Baruch
Wald
Riis
Whitman
Ingersoll
Wyckoff Gardens
Red Hook East
Campos Plaza
Berry Street
Williams Plaza
Douglas
Carver
East River
Isaacs
Holmes Tower
King Towers
Manhattanville
Lincoln
Rangel
Polo Grounds
High Bridge Gardens
Marble Hill
Castle Hill
Bay View
Breukelen
Pink
Albany
Tompkins
Gompers
Meltzer Tower
Howard
Kingsborough
Roosevelt
Farragut
Carrey Gardens
Fulton

Can you imagine how much money for all these?
Send them off with section 8 vouchers along with $25,000 per family
in dedicated redevelopment funds for the dying industrial towns or others, that might take them.
Newark
Altoona
Youngstown
Detroit
East St. Louis
Louisville
Dayton
Little Rock
Tulsa
Montgomery, AL
Pensacola
San Antonio
Biloxi
Omaha
Boise
Lubbock
Pueblo
Milwaukee
Eau Claire

Chicago, Philadelphia and Baltimore have alot of housing projects to sell and could take advantage of this kind of program as well.
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Old 10-11-2012, 11:50 AM
 
Location: USA
8,011 posts, read 11,398,173 times
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same time they start bulldozing your block down i guess.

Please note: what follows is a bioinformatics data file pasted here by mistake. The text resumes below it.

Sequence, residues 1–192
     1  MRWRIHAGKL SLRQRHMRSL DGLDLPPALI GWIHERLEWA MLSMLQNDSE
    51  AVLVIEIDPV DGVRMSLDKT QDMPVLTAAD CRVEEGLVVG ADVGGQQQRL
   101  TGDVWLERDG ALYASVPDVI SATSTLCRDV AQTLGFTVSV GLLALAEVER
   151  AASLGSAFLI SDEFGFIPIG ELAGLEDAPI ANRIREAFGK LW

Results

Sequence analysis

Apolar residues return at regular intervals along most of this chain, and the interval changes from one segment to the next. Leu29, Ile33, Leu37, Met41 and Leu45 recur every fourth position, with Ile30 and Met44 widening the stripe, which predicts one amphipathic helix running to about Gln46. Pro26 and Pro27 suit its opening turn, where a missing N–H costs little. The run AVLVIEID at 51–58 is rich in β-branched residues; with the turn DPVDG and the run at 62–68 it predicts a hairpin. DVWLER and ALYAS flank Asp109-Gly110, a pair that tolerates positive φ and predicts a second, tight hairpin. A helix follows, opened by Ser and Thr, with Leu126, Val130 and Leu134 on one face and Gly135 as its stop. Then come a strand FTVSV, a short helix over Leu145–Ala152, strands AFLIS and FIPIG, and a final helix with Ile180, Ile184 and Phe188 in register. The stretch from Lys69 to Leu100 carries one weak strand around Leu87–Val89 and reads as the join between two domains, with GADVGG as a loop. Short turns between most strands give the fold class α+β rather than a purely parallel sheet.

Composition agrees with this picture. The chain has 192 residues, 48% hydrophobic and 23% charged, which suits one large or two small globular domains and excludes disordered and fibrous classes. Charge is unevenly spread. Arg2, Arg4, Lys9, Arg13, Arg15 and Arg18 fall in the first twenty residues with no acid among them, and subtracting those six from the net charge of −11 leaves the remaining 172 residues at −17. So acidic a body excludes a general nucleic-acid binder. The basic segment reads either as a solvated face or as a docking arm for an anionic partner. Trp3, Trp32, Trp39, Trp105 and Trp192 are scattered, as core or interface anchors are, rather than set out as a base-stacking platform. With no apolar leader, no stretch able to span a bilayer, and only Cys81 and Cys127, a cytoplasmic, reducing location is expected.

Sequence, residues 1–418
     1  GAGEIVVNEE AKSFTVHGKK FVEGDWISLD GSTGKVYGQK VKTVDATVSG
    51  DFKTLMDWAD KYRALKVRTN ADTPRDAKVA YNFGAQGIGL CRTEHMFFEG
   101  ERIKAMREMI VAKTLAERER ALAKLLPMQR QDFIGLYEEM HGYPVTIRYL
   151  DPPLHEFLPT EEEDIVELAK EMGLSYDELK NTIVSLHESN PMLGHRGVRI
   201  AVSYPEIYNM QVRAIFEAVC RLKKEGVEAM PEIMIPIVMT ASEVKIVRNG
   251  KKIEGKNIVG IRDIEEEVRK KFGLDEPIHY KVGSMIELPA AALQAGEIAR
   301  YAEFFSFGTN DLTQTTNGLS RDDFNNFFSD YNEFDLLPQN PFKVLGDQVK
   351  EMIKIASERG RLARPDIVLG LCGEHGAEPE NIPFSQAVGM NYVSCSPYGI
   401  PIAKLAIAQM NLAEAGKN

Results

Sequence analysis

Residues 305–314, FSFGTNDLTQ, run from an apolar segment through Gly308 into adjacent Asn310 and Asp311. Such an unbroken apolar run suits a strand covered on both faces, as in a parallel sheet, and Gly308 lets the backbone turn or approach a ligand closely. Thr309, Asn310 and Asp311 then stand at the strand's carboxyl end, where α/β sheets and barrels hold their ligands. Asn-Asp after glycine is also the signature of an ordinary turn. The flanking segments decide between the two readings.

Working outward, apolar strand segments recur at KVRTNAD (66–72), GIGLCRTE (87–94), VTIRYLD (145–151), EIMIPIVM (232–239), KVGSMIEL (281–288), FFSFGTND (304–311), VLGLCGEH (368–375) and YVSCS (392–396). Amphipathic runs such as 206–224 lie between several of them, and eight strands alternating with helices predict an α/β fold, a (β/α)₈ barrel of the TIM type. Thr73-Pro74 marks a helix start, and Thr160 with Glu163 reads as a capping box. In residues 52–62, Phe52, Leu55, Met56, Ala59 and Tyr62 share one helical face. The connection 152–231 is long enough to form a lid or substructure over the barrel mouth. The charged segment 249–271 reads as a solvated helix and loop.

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Old 10-11-2012, 04:46 PM
 
34,012 posts, read 47,240,427 times
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Quote:
Originally Posted by UrbanQuest View Post
I'm late to the party, but anyway..

Not ALL the projects should go, just the one's that would make alot of money for NYCHA.

Vladech
Baruch
Wald
Riis
Whitman
Ingersoll
Wyckoff Gardens
Red Hook East
Campos Plaza
Berry Street
Williams Plaza
Douglas
Carver
East River
Isaacs
Holmes Tower
King Towers
Manhattanville
Lincoln
Rangel
Polo Grounds
High Bridge Gardens
Marble Hill
Castle Hill
Bay View
Breukelen
Pink
Albany
Tompkins
Gompers
Meltzer Tower
Howard
Kingsborough
Roosevelt
Farragut
Carrey Gardens
Fulton

Can you imagine how much money for all these?
Send them off with section 8 vouchers along with $25,000 per family
in dedicated redevelopment funds for the dying industrial towns or others, that might take them.
Newark
Altoona
Youngstown
Detroit
East St. Louis
Louisville
Dayton
Little Rock
Tulsa
Montgomery, AL
Pensacola
San Antonio
Biloxi
Omaha
Boise
Lubbock
Pueblo
Milwaukee
Eau Claire